Thanks very much for writing in, Jenny. Appreciate it.

Ali’s comments on the SensePlayer, were by and large very complimentary. He was excited about his new device, were in episode 219. So you can go back and check the audio or the transcript.

And as I understand it, his comment is that there are so many ways to navigate by different levels and by different time increments that it can be difficult to get to the ones you want. And he wanted some degree of control over the granularity there.

You make a good point regarding engagement with companies. I always find that if a company is willing to engage, if they’re willing to respond to you, have a dialog with you, obviously you’re going to get a much better, more constructive response if you approach the company constructively. And I always believe that you should always assume goodwill until you have incontrovertible evidence otherwise.

And so obviously, in the case of Brian’s feedback, he clearly wrote to HIMS and explained the problem clearly and said look, for him, this is a showstopper. And HIMS has now responded (much to HIMS’s credit, I have to say).

So as long as that climate exists, there’s a partnership there. There’s a dialog. And together, if you feel like you’ve got an investment in the product, (and that doesn’t mean that you will get every single feature that you asked for). But if you can have the dialog and someone can say to you, “Look, we’ll add this to the list, it’s not a high priority.”, or “Yes, we’ll get this fixed. This is a nasty bug. We apologize. It’s coming very soon.). Then I think people feel like they’ve got an investment in this thing, that they are helping to build it. And that does build loyalty.

Sadly, not all companies are like this. And that’s where frustration is, I think, justified.

Not to mention any names, of course, but Apple. You can send all sorts of feedback to Apple. Multiple people can send feedback to Apple about serious degradation, serious things that impact your productivity, and basically not get any traction whatsoever. And that kind of ghosting is contemptible. And as you put it in your email, shouting it from the rooftops at that point is highly appropriate because we depend on these things.

But sure. I don’t own any HIMS products myself, actually. But if I were to engage and find I’m getting that kind of dialog, then I’d be satisfied with that.

So good for you to write in. I’m sure people might have some comments on what you’ve had to say. And if you would like to offer them,

is how you can get in touch. You can attach an audio clip to that email if you want, and let your voice be heard. Or you can write the email down. You can also call the listener line in the United States. It’s 864-60-Mosen, 864-606-6736.


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All you have to do from any Mastodon instance is follow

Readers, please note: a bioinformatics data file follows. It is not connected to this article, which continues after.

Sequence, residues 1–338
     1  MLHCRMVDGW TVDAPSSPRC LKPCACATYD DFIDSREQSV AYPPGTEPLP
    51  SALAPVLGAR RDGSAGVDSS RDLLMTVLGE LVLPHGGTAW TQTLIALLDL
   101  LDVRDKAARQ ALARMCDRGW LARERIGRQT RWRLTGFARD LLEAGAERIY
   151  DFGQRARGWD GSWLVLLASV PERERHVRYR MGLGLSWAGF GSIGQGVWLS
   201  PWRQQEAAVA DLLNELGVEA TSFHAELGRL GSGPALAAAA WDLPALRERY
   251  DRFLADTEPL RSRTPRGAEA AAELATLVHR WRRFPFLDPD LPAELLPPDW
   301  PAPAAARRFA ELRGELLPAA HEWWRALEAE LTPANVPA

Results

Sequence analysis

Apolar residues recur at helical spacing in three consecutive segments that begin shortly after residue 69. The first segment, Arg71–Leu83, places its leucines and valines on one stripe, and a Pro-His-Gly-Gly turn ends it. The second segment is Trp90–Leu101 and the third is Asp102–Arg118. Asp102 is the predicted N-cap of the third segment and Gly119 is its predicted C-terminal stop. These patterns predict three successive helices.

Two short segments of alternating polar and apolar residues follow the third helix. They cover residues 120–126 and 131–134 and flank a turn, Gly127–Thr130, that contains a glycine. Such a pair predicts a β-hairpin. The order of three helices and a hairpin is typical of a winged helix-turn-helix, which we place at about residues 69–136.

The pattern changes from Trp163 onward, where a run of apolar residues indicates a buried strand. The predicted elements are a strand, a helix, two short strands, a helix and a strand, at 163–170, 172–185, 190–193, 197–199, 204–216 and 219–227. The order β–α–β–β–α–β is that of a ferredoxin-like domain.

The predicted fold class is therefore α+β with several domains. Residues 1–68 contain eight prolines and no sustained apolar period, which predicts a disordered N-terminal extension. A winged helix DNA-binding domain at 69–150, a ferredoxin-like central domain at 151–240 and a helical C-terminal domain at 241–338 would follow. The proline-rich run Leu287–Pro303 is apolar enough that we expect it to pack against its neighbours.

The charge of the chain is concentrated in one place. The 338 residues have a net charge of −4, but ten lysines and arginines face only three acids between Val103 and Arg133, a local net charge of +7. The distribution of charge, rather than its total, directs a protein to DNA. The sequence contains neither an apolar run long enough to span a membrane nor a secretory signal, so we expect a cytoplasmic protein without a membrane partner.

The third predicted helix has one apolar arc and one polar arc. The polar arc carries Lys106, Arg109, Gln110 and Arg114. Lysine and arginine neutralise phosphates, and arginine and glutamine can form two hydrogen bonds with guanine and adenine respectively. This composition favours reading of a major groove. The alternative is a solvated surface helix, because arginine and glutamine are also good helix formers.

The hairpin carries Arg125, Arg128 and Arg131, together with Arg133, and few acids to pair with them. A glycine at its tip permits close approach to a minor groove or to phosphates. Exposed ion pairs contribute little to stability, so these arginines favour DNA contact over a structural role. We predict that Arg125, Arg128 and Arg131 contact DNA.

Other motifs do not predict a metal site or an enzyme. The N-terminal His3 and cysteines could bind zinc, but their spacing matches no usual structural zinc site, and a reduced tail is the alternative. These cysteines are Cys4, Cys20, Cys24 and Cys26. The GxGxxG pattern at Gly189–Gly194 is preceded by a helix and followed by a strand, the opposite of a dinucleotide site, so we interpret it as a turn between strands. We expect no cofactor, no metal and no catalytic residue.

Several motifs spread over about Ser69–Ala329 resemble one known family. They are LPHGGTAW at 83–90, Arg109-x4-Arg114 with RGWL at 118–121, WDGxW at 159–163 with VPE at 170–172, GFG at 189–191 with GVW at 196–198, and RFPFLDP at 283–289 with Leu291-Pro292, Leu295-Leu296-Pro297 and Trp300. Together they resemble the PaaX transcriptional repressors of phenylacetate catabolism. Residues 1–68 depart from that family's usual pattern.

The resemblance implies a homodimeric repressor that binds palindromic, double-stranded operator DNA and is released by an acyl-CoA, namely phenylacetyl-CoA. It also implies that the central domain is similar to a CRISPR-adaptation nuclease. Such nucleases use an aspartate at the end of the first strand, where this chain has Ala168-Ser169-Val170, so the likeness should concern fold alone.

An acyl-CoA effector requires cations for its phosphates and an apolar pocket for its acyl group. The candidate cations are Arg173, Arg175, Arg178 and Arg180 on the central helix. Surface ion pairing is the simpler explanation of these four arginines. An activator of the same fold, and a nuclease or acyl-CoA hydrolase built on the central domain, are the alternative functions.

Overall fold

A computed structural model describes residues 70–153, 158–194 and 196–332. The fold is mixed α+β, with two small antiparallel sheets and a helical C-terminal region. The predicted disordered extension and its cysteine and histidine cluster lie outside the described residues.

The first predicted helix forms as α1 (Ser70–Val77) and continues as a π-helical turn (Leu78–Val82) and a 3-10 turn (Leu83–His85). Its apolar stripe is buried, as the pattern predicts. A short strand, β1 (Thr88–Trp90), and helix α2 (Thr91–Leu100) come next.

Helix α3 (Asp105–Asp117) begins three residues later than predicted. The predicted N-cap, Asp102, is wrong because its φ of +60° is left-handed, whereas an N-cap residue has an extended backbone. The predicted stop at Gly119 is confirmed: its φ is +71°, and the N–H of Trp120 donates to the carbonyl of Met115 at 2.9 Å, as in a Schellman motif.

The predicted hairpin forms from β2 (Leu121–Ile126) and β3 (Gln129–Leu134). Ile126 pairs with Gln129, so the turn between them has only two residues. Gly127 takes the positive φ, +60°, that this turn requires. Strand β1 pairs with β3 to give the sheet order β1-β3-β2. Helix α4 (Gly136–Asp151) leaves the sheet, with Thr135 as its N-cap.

Extremely Sluggish ZoomText

This email says:

Hi Jonathan and Living Blindfully people,

This is Pauline from Sunny Tower, just down the road from Mosen Towers in Johnsonville.

Well, Granada Village, actually. but you know, it’s close enough to Johnsonville, Pauline, so I’ll give you that one.

She says:

I did it. I managed to join Living Blindfully plus. This may not seem like much of an achievement, but as a technically challenged, partially sighted person, I’m rather pleased with myself.

I use Overcast as my podcast player. And I admit once getting the RSS feed, I then had to use Google to find out how to paste that feed into Overcast. And hey presto, it worked.

Well done, Pauline, and thank you so much for your support. Really appreciate that.

And actually, there are some instructions on

pertaining to Overcast, but they are actually quite voiceover centric. So that may have been an issue if you’re not a VoiceOver user.

Pauline continues:

On another matter, I’ve been meaning to write something for a while now. As I have already said, I have some vision, and I’ve always gotten by using magnification software and reading print.

Although increasingly, I’m using various text-to-speech functions, especially when I have to read a long document. And when I’m reading for pleasure, it’s usually a talking book and sometimes Kindle so I can blow up the text to a reasonable size.

[explosion sound]

Oh no, I don’t think she means blow it up like that.

For the past 30 years (and yes, that makes me feel old), I’ve been using ZoomText magnification software and I’ve loved it. I wouldn’t hear of using anything else. It always worked well for me.

I lived and worked in England very successfully using ZoomText for nearly 20 years.

Then in 2018, I returned to New Zealand. And all of a sudden, ZoomText became a real pain to use. It worked just fine on my home computer. But at work, when you were on a system that has a lot of other heavy duty programs that need to run, suddenly, I had problems.